Most people don’t think about their property insurance until something happens. But when was the last time you made sure your coverage was up to date? It’s far more painful to review your policies after a tragedy strikes.
Here are a few reasons you may want to contact your agent or broker to adjust your property insurance.
Time for a property insurance update?
Do any of the following criteria apply to your property?
- Change in ownership. Notify your agent of any changes that affect your deed. You could experience delays at claims time if the name on the deed differs from the one on the policy. If you own your building through a corporation or other legal entity, that entity would need an insurance policy to cover the building. If you’re living in one of the units, you would need a separate policy as a tenant.
- Replacement cost adjustments. Make sure you consider the replacement cost of materials, especially if high-quality materials, like granite, was used. Another factor would be any special craftsmanship, commonly found in Brooklyn brownstones and other historic properties. If something happens to your home, you don’t want your natural-stone countertops replaced with laminate.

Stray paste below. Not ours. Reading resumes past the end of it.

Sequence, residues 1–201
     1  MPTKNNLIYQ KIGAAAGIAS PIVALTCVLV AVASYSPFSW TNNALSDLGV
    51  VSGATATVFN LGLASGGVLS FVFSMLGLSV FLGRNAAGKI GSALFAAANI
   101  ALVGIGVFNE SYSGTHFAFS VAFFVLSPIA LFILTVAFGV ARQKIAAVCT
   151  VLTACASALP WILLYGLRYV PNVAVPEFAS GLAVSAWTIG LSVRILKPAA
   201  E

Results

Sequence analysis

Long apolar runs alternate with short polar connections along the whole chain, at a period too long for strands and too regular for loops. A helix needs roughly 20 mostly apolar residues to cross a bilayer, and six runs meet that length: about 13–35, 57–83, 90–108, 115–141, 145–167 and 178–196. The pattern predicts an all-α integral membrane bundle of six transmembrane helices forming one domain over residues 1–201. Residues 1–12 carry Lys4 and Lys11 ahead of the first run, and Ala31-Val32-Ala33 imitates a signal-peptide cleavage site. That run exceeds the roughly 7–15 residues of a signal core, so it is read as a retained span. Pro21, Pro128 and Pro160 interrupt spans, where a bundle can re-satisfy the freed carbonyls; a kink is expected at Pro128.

- Additions or upgrades. If you made any recent additions or upgrades to your building, the property’s value has probably changed, and you’ll need to update your policy. At the same time, certain improvements—like updated building systems and additional safety devices—may qualify for a premium reduction.
- Recent acquisitions. If you’ve purchased an antique, a collectible (like a painting), or inherited your grandmother’s jewelry, contact your insurance partner as soon as possible. You may need to submit an appraisal along with your insurance change, but be sure to do that quickly.
- Rising property values. Many of us sneak a peek on Zillow now and then, so if you’ve noticed home values increasing significantly in your area, call your agent. You may need to adjust the protection to make sure you can repair or replace in today’s market.
- Outdated deductible. If you’ve had your property—and your policy—for some time, your financial situation may be quite different now than when you first bought the coverage. If you can afford a higher deductible, you’ll qualify for lower premiums.
- Rent roll changes. Don’t forget to review your Loss of Rents coverage annually. This protection reimburses building owners for lost rental income if a covered peril requires tenants to move out while the space is repaired. Updating the rent rolls annually keeps Loss of Rents coverage current, in case monthly rents have increased.
For questions about changes in your properties or policies, call our office at 877-576-5200 to discuss your coverage. Use our online form to request a quote.